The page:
Friday, 8 May 2015

A gift to terrorists

The CIA’s former Deputy Director, Michael Morell has blamed Ed Snowden for the “rise of ISIS”.

We knew this and he’s not the only senior member of the intelligence community to say so.  But he’s being talked about a lot right now because he’s written a book.

Morell, who makes the claims in a new book, says the most damaging revelation was the existence of a spying program that collects foreigners' e-mails as they move through equipment in America.

He said the jihadists subsequently switched their messaging systems to more 'secure' platforms, encrypted them or 'avoided electronic communications altogether'.

I’m caught between three reactions:

  1. Doubting that Morrell knows whether terrorists really have changed their approaches or whether the causal link he suggests really exists.
  2. Wondering whether their supposed moving to more conventional means of information exchange is really such a bad thing for the intelligence services.
  3. Still feeling that mass surveillance seems too large a price to pay for unspecified benefits to anti-terrorism and that it’s the citizens of a nation who should make that decision, not the intelligence services acting in secret.

I don’t know enough to evaluate 1 and 2, but I’m fairly certain about 3.  I might be willing to give up some specified privacy in exchange for well-reasoned and well-described counter-measures against a tangible threat.  But I’m not prepared to give up – without being asked – any and all privacy in exchange for dubious, unspecified counter-measures against threats I’m not even sure exist.

“ISIS was one of those terrorist groups that learned from Snowden and it is clear that [Snowden’s] actions played a role in the rise of ISIS.”

I haven’t read the book yet, but I very much doubt that the situation is quite so clear as that.  There seem many reasons why ISIS has ‘risen’ and they’re mostly reasons of politics and opportunity.  ISIS isn’t a typical terrorist group, operating as a loosely-connected group of cells.  It’s a coherent and very visible organisation that isn’t even trying to hide.  Better access to its communications would doubtless help the CIA in combating ISIS, but that isn’t the CIA’s job.  It’s not trying to do that.  Better access might help the CIA counter terrorism (which is its job), but that has nothing to do with the rise of ISIS.

“At a time when the range of threats against the West has never been greater, with Yemen, Iraq, Syria, Somalia and Al Qaeda in Pakistan, it is astonishing the focus has been more on the shortcomings of our intelligence agencies and not the fact Snowden has helped terror suspects drop off the radar.”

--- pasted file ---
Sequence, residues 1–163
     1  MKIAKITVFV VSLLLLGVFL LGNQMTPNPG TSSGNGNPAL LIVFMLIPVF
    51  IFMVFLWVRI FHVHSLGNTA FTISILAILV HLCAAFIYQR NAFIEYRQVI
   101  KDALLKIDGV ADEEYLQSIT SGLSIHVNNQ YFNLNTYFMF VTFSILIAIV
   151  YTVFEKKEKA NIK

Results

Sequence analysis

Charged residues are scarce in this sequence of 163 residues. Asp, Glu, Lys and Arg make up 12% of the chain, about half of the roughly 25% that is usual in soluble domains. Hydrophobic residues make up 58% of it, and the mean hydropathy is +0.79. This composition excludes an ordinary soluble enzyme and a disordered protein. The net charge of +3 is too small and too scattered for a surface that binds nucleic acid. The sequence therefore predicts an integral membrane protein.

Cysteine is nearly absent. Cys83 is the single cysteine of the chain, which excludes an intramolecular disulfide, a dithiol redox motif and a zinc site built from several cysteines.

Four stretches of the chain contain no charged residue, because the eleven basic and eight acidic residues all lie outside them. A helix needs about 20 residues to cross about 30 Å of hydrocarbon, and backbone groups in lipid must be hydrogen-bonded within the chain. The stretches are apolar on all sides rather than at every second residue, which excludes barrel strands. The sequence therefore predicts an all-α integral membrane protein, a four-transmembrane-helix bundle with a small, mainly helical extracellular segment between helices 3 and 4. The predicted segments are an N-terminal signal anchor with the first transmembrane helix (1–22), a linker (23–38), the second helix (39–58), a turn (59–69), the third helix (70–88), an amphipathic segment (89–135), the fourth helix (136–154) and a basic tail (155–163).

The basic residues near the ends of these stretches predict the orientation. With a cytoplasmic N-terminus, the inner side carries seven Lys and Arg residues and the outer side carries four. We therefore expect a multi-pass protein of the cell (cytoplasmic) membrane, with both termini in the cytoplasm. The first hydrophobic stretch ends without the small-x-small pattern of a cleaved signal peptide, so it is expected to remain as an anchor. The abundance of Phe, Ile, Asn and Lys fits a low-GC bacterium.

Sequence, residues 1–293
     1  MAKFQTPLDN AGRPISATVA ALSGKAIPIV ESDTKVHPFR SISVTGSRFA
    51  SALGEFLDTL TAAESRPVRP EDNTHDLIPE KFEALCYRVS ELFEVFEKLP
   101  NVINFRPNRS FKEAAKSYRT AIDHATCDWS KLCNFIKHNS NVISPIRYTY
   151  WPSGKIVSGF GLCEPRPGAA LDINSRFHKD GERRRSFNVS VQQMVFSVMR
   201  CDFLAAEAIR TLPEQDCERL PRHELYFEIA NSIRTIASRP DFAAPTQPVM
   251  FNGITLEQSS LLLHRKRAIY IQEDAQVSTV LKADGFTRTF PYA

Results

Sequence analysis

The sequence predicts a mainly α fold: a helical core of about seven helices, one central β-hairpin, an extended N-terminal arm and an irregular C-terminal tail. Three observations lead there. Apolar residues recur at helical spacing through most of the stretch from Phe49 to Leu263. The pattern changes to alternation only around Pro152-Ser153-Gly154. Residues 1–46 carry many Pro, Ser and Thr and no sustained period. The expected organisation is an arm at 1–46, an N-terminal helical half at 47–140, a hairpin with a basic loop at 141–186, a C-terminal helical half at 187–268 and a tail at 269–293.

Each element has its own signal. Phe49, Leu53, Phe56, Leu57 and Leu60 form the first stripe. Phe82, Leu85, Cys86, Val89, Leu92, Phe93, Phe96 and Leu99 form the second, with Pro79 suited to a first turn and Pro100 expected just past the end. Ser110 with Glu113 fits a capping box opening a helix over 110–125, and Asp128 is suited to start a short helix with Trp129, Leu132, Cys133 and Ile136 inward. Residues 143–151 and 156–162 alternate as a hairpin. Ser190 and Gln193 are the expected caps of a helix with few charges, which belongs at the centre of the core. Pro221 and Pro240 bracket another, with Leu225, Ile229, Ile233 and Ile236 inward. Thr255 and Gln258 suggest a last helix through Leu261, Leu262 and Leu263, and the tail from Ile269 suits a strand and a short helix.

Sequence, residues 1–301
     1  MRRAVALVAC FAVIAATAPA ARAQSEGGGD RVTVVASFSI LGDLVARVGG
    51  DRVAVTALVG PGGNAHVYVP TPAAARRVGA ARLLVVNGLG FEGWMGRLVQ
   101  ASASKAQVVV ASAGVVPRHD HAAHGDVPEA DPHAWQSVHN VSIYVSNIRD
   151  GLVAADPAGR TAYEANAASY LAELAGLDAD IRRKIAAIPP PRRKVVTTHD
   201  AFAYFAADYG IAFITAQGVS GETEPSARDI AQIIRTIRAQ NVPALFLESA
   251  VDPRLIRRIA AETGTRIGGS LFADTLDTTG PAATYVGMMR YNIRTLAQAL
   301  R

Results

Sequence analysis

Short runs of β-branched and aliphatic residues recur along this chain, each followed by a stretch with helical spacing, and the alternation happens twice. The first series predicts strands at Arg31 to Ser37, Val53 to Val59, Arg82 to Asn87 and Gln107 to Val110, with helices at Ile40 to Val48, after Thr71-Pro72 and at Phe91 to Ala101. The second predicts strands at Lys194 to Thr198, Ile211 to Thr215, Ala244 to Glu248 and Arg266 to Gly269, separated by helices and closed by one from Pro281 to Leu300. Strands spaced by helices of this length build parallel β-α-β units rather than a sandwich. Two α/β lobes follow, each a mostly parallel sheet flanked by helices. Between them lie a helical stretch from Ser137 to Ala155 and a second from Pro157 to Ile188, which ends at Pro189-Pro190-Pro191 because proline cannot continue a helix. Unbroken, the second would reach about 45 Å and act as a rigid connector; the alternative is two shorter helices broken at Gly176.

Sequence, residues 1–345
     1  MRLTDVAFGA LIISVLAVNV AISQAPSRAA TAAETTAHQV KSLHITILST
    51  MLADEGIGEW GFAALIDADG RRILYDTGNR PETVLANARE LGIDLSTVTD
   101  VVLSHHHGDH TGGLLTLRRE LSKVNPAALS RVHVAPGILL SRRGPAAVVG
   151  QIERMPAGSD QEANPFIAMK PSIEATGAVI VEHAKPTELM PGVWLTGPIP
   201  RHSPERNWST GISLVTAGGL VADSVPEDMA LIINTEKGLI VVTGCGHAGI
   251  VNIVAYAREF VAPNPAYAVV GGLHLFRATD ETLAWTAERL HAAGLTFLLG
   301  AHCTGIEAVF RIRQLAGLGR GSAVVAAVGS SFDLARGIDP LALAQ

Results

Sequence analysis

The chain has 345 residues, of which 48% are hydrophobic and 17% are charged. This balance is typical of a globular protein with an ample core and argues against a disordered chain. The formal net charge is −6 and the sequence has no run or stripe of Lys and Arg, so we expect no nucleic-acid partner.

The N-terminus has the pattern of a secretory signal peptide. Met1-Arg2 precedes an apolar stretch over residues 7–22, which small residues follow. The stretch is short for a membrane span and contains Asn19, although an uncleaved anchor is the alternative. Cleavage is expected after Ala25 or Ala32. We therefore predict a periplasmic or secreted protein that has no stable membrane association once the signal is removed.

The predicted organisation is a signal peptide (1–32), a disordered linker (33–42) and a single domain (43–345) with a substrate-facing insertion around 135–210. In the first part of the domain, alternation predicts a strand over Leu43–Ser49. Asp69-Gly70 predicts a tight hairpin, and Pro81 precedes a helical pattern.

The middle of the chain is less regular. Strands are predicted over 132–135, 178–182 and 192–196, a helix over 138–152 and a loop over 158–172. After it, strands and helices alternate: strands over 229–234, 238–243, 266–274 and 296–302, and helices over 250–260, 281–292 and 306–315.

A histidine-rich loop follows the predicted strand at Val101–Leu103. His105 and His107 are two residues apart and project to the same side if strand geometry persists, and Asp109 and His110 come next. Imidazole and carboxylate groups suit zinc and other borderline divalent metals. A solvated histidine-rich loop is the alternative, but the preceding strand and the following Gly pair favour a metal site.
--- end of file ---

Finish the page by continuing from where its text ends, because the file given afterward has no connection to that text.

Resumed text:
The ‘shortcomings’ being that they are secretly collecting every piece of information about us all that they possibly can, often illegally.  And here’s the thing: encrypting communications isn’t difficult. Assuming that communications are vulnerable to interception is where secretive organisations begin. It’s tradecraft.  And there are plenty of manuals available about how to do it, which are not manuals for terrorism but for reasonable expectation of privacy and are equally valid post-Snowden.

There’s some worrying rhetoric, too:

“[Snowden] has caused severe damage to our ability to fight extremism.”

Telling, isn’t it? We’re not fighting ‘extremism’.  Many people hold ‘extreme’ views.  But many extremists aren’t dangerous and many dangerous people aren’t extremists.  We’re fighting people who threaten us and the holding of extreme views is not in itself a threat.  It’s the kind of throwaway comment that worries me.

MI5 director general Andrew Parker has called the traitor's actions a 'gift to terrorists'.

At least the Daily Mail isn’t afraid to say where it stands.  I wonder what the DM thinks Snowden is a traitor to, though.

Morell pointedly criticizes the National Security Agency, saying it was conducting highly sensitive surveillance of allied leaders without fully considering the appropriateness of its operations.

The NSA, he said, had 'largely been collecting information because it could, not necessarily in all cases because it should.'

And yet he bemoans the fact that this behaviour was exposed. But that kind of contradiction is bread and butter to Morell.  He simultaneously praises and decries torture, for example.

While Morell says he is personally troubled by the harshest technique the CIA used on detainees, water boarding, he makes a case that agency leaders had no choice but to use what many consider torture in the years after the 9/11 attacks.

I doubt he was as uncomfortable as the victims.

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